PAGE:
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## Problem 1 Solution

```Find the missing quanity in each of the following:
a. What is 10% of 672.3 kg?
b. 42 is what percent of 132.3 g?
c. 18.7 is .5% of what amount?
```

```(a) 67.23 kg      (b) 32%     (c) 3740 g
```

### Solution Steps for Part (a):

What is 10% of 672.3 kg?

We'll use the clues from the statement:
```What  is  10%  of  672.3
x    =  .10   *  672.3
```

Multiplying on a calculator gives x = 67.23. What about significant digits? We'll assume that the percent was not obtained from a measurement, i.e., it is exactly right. So the number of sig figs is determined by the 672.3 to be four. How do you decide whether a number as stated is exact, in general? Think about the problem that you are working on in each case, and use your common sense!

What about the units? Percents are dimensionless numbers and the units on the right hand side are kg, so the units on the left must be kg as well!

What is a dimensionless number??? A number with no associated units.

Why are percents dimensionless??? Well, if we go back to the "part out of the whole" idea of a percent, whatever the units are on "the part" must also be the units on "the whole" so the units will always cancel out. Watch:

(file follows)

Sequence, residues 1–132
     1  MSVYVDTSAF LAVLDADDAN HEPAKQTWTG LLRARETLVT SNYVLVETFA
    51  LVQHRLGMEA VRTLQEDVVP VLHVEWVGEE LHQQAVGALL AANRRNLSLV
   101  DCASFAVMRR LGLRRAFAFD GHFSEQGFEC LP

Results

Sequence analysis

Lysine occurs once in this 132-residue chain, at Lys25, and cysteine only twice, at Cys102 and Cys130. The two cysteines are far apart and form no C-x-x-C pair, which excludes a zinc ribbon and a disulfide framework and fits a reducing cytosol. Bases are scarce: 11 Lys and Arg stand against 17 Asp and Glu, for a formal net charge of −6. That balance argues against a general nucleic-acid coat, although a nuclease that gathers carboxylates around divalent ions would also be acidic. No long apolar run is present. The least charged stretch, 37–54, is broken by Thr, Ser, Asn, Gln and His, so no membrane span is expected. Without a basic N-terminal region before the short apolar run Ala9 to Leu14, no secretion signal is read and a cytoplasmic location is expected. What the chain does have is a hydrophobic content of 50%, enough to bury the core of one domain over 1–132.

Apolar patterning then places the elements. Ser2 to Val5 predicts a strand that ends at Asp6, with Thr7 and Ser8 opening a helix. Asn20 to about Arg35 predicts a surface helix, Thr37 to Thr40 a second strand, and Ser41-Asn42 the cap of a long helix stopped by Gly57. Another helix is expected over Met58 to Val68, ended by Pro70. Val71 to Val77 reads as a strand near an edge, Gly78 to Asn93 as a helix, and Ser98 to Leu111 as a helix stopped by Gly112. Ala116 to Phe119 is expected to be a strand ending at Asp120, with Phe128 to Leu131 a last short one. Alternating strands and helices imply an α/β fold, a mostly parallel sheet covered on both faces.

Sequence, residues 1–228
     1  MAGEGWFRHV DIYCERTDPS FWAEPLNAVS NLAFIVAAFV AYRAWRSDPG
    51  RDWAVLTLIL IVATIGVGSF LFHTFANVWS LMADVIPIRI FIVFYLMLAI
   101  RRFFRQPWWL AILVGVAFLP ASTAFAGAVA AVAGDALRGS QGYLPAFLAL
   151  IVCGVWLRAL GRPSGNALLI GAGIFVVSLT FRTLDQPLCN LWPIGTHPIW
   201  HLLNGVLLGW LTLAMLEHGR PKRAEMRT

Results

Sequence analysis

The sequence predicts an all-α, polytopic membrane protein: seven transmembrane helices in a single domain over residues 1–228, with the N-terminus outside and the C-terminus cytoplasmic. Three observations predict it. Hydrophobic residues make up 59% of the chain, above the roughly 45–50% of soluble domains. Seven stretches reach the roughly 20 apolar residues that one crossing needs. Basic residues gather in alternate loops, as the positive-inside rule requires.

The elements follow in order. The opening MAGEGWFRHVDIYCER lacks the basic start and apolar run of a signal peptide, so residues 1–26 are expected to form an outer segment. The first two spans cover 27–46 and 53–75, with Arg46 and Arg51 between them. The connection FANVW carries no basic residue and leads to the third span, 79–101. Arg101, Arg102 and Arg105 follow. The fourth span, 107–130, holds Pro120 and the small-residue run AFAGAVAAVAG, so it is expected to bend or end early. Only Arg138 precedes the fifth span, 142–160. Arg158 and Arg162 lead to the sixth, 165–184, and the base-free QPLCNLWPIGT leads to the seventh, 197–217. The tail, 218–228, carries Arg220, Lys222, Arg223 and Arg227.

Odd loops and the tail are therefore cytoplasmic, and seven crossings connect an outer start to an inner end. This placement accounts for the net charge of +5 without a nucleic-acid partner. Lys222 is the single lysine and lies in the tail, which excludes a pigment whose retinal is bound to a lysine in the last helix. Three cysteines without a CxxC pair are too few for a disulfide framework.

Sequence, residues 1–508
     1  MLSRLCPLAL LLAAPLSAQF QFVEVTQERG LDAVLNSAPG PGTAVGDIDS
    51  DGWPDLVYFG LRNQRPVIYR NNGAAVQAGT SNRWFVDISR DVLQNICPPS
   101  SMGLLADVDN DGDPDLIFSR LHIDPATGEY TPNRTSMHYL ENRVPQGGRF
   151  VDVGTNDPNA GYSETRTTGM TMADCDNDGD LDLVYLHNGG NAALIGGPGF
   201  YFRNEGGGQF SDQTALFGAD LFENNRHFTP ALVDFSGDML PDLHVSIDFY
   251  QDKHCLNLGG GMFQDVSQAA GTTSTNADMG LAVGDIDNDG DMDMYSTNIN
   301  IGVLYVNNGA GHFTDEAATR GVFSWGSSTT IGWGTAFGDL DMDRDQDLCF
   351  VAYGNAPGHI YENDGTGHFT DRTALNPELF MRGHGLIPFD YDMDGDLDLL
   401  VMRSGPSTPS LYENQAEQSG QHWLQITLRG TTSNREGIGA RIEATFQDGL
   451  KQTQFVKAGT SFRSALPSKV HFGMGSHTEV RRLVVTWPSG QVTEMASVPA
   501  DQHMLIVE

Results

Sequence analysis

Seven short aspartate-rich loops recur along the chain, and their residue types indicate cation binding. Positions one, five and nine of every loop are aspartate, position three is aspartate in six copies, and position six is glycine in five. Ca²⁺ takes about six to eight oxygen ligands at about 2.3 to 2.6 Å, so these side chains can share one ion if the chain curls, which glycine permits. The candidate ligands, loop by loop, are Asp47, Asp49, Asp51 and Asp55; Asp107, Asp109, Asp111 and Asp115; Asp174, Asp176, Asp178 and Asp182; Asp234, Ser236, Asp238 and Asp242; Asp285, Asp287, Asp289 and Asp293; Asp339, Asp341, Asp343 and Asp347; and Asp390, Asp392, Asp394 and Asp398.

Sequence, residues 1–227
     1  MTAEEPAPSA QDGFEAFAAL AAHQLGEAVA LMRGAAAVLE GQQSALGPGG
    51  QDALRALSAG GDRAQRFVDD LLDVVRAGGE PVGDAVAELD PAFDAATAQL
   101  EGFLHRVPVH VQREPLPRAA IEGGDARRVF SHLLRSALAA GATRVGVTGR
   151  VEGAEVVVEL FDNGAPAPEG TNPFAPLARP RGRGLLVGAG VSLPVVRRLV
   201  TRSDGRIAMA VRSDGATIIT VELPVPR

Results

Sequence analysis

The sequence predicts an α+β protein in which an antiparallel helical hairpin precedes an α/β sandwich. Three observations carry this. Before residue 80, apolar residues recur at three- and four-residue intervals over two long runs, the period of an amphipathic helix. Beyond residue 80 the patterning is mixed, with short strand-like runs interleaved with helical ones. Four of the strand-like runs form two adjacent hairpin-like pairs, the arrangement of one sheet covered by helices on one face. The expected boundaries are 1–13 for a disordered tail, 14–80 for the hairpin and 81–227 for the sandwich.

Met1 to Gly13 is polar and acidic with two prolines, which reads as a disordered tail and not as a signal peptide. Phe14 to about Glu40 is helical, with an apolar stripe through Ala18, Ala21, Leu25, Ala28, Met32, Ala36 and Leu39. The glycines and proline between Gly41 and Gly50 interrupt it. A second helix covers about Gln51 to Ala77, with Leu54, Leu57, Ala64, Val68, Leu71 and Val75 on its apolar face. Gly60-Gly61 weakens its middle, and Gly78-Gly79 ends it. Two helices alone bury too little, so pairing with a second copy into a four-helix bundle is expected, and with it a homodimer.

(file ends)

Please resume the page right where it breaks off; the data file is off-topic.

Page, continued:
Another common dimensionless number is an angle measurement in radians -- just as with percents the units cancel! An angle measurement given in radians:

Cool, huh?

### Solution Steps for Part (b):

42 g is what percent of 132.3 g?

We'll use the clues from the statement:
```42 is what% of 132.2
42  =   x    * 132.2
```

Dividing by 132.2 gives x = .31770045 = 31.770045%.

Sig figs?? Well that depends on which numbers were measurements; if we assume that 42 and 132.2 were, we should state the answer with 2: x = 32%,

### Solution Steps for Part (c):

18.7 g is .5% of what amount?

We'll use the clues from the statement:
```18.7  is .5%  of  what
18.7  =  .005  *   x
```

Dividing by .005 gives x = 3740; the units are grams.

Next Try It Out Problem.

Developed by
Shodor
in cooperation with the Department of Chemistry,
The University of North Carolina at Chapel Hill